by Mike Towner – PLVC Board Member and Chair, Communications Committee
We would like to shine a spotlight on the Port Ludlow Village Council (PLVC). Those of you who have moved to Port Ludlow in the past two years may not be aware of what the PLVC does and how it serves our community. Others of you who have been here longer may also benefit from learning more about how the Board operates and the benefits we derive from its existence.
I can’t tell you how honored I am to have served as President of this great club over the past 12 months. I am extremely proud of the way the club has responded to the challenges that have resulted from the pandemic. It hasn’t been an easy task and the ability to socialize and converse in person, one of our club’s greatest strengths, was limited, yet we still managed to accomplish quite a bit over the last year to help those in need in the community.
To say that I am thrilled about the return of concerts to Trillium Woods Farm in Quilcene would be a huge understatement! Actually, I am “over the moon”! The picnics and concerts have been an exciting part of my summers for thirty years until that nasty pandemic halted everything.
Newcomers to Port Ludlow are often greeted with the phrase, “Welcome to paradise.” Although that greeting may be slightly overstated, most of us appreciate living here. Along with our friendly neighbors and rich history, the sparkling waters, forested mountains, farm-fresh produce, and abundant wildlife make us the envy of friends in traffic-choked urban areas. One organization that’s working hard to maintain our way of life here is Jefferson Land Trust.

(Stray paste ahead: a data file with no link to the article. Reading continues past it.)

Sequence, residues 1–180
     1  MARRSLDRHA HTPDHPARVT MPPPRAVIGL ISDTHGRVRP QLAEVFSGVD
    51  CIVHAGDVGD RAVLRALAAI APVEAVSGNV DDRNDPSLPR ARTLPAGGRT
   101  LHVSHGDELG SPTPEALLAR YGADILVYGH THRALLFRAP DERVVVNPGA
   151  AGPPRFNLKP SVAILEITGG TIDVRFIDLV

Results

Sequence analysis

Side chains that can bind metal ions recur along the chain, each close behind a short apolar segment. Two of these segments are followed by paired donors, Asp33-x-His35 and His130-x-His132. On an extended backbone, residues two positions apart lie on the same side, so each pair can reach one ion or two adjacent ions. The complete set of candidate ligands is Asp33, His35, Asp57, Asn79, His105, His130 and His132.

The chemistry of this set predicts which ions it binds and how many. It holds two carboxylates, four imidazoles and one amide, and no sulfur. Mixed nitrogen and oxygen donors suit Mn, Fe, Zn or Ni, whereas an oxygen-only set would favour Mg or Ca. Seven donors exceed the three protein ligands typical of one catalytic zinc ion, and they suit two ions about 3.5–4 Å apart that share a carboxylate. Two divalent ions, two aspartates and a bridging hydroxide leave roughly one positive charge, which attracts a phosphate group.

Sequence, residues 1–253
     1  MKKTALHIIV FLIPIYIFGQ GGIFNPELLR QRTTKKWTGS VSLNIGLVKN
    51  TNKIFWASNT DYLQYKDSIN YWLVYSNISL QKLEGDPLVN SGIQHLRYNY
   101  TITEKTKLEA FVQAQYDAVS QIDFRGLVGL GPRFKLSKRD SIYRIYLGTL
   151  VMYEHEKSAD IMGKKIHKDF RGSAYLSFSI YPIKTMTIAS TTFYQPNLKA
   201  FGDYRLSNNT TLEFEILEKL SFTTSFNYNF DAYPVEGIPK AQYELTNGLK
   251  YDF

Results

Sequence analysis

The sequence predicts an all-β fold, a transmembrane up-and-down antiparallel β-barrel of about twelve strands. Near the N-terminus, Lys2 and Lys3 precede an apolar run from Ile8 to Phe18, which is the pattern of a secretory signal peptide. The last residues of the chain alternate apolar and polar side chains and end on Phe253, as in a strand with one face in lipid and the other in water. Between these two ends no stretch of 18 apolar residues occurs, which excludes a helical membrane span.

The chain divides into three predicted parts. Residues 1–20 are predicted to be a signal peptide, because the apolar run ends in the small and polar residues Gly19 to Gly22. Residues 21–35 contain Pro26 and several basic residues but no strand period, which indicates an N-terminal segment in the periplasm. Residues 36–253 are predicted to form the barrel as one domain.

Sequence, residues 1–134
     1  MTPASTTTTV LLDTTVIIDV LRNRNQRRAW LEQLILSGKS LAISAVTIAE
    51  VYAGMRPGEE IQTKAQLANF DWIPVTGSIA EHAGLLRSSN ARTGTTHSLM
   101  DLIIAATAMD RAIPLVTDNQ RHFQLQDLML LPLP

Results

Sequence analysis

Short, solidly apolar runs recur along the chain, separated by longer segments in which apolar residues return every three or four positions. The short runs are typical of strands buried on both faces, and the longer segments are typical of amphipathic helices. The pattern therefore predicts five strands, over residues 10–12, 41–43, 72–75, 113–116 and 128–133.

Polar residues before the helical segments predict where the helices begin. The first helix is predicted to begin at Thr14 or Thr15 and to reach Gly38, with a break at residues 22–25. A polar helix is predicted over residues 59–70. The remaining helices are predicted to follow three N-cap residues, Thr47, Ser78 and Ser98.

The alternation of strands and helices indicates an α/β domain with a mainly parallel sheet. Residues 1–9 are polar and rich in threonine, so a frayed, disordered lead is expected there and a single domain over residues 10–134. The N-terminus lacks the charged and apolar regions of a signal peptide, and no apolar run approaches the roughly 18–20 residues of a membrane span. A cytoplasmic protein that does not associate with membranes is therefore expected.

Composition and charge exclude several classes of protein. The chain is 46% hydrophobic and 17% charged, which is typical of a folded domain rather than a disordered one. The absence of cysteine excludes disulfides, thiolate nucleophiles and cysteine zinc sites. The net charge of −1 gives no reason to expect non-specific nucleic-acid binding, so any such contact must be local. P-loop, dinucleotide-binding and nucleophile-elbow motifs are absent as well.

by Nancy Budd-Garvan, ECHHO Driver and Board Member
When Cynthia heard the word “Cancer,” her heart sank. When they told her she faced 30 days of radiation treatments at a center in Poulsbo and that someone would need to drive her there and back every day, she was overwhelmed. She had just recently moved to Port Ludlow, and due to the pandemic, hadn’t had an opportunity to get acquainted with people. So how was she going to get to Poulsbo and back, every day, for a month?!
As many of our readers are aware, the issue of homelessness in Jefferson County remains an ongoing challenge. Our cover photo this month calls attention to one of the many efforts by social service organizations, churches, and individuals to address this issue. Thanks to the combined efforts of Community United Methodist Church (CUMC), Olympic Community Action Program (OlyCAP), Bayside Housing, Boeing Bluebills, the Port Townsend School of Wooden Boat Building, and others we may have missed, twelve new housing units for low-income residents are now available in Port Hadlock.
Although the Voice has previously published articles on Center Valley Animal Rescue (CVAR), it’s such a wonderful organization with so many innovative things happening that it’s time for an update. First, here’s a brief history.
In 2004 the Penhallegons purchased 32 acres north of Quilcene, and Sara Penhallegon founded CVAR. She has grown this organization, with the help of some great volunteers, into one of Washington’s best domestic and wildlife rescues. Currently CVAR rescues, rehabilitates, and adopts out over 100 domestic animals yearly. Wildlife rescue is a big part of the operation too, with CVAR being the only rescue facility in Jefferson County that takes in all animals.